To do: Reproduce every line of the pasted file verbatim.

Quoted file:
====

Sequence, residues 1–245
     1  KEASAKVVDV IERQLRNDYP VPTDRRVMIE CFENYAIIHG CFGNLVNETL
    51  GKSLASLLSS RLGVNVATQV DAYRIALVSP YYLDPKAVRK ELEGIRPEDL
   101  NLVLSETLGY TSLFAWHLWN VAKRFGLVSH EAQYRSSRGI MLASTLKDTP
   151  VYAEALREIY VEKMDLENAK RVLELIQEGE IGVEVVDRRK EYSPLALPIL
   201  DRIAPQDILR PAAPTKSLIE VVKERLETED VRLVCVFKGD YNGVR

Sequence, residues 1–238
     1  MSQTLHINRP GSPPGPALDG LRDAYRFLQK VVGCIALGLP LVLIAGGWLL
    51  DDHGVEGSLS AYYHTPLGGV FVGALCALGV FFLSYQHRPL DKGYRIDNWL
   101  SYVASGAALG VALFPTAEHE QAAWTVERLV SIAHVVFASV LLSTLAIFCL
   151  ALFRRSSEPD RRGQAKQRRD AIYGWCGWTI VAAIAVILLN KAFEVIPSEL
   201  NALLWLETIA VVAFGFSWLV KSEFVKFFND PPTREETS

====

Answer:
Sequence, residues 1–245
     1  KEASAKVVDV IERQLRNDYP VPTDRRVMIE CFENYAIIHG CFGNLVNETL
    51  GKSLASLLSS RLGVNVATQV DAYRIALVSP YYLDPKAVRK ELEGIRPEDL
   101  NLVLSETLGY TSLFAWHLWN VAKRFGLVSH EAQYRSSRGI MLASTLKDTP
   151  VYAEALREIY VEKMDLENAK RVLELIQEGE IGVEVVDRRK EYSPLALPIL
   201  DRIAPQDILR PAAPTKSLIE VVKERLETED VRLVCVFKGD YNGVR

Sequence, residues 1–238
     1  MSQTLHINRP GSPPGPALDG LRDAYRFLQK VVGCIALGLP LVLIAGGWLL
    51  DDHGVEGSLS AYYHTPLGGV FVGALCALGV FFLSYQHRPL DKGYRIDNWL
   101  SYVASGAALG VALFPTAEHE QAAWTVERLV SIAHVVFASV LLSTLAIFCL
   151  ALFRRSSEPD RRGQAKQRRD AIYGWCGWTI VAAIAVILLN KAFEVIPSEL
   201  NALLWLETIA VVAFGFSWLV KSEFVKFFND PPTREETS